Motivation and emotion/Book/2018/Betrayal and emotion

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Betrayal and emotion:
What are the emotional effects of betrayal and what can be done about it?

Overview[edit | edit source]

Betrayal is the act of being harmed, physically or mentally either by intention or omission by a trusted person. This chapter discusses various categories of betrayal, attempts to define emotion, and examines the emotional effects caused by betrayal. The word "emotion" covers a vast range of conceptual ideas and theories which all attempt to define its concept[vague]. It is unlikely that a single definition for emotion will be forthcoming due to the literature world being unable to agree. Consensus would suggest that emotions are both a higher level of cognition which is innate, or comes from a past learnt experiences. It is also known that betrayal is a catalyst for the release of emotions, and that emotions can have long lasting consequences. Every individual is unique and demonstrates their own variance of emotions to any given scenario of betrayal. Yet it would appear that all individuals are "hard wired" to know which emotions to display for any particular situation.

What is betrayal?[edit | edit source]

From the time individuals reach the beginning of adolescence, it becomes instinctive to want to form a relationship with other individuals. According to Maslow[when?] (Lester, 2013) after obtaining the first two stages of needs, (physical and safety), it is essential to attempt to fill the needs of belongingness and intimate relationships. It has long been found that a healthy relationship can promote both physical and psychological well-being (Lester, 2013). For a healthy relationship to be formed it is necessary for both individuals to invest themselves and commit to each other. This is highly dependent upon trust from both sides, as without trust there cannot be a genuine commitment nor a healthy relationship. A lack of trust within a relationship can ultimately lead to betrayal and bring about emotional upheaval. This chapter looks at the emotional impacts of betrayal and how it might best be overcome.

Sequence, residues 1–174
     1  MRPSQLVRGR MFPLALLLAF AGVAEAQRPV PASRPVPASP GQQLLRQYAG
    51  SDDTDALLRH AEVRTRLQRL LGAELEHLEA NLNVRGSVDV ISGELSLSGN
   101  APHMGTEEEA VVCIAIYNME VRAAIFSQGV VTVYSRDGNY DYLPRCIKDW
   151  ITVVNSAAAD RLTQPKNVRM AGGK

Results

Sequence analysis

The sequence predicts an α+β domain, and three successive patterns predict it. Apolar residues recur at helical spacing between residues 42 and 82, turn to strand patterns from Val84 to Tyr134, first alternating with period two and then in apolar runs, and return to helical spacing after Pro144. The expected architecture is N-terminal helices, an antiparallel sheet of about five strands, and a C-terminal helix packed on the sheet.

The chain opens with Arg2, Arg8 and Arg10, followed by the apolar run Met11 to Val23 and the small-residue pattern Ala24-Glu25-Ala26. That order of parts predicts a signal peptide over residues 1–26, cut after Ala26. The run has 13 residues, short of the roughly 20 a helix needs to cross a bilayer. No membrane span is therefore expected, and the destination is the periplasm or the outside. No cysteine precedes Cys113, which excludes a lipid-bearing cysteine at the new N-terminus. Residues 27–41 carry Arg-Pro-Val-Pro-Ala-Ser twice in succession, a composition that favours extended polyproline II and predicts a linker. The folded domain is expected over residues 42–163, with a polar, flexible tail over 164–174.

Betrayal is defined as the sense of being harmed by the omission or intentional actions of an individual who is viewed as a trusted person (Rachman, 2010). This could be a partner, relative, or even a colleague. Betrayal can result in a myriad of emotions ranging from anger and rage, through to denial and avoidance. The degree to which physical and/or psychological harm is experienced depends upon the extent of betrayal, and the way in which an individual interprets the betrayal. Betrayal can have particularly toxic effects on an individual’s mental health and in certain cases can ultimately leave a permanent psychological mark upon an individual. Some such effects include the victim becoming highly guarded, wary and unable to invest the same level of trust in someone again. Trust and self-disclosure are the main features on which relationships are built; thus, a harmful interaction between trust and betrayal can lead to stress, anger, negative thoughts, feelings of loss, shock, low self-esteem, lack of confidence and self-doubt (Rachman, 2010).

Betrayal trauma occurs as a result of a traumatic betrayal, such as childhood sexual abuse (Lindblom & Gray, 2010). Betrayal Trauma Theory (BTT) suggests that an individual can develop amnesia from their experience of betrayal because awareness of the betrayal could impede their survival by disrupting their attachment to the one who betrayed them[Provide more detail][for example?]. This can lead to long-term negative consequences for the individual’s mental well-being (Whitbourne, 2012). The major categories betrayal falls into include: disloyalty, dishonesty, infidelity, disclosure of confidential and sensitive information, and failure to assist during a significant time. (Rachman, 2010) Betrayal in close relationships is more painful and unexpected for the victim, making it harder to overcome and often leaving a longer-lasting consequence[factual?].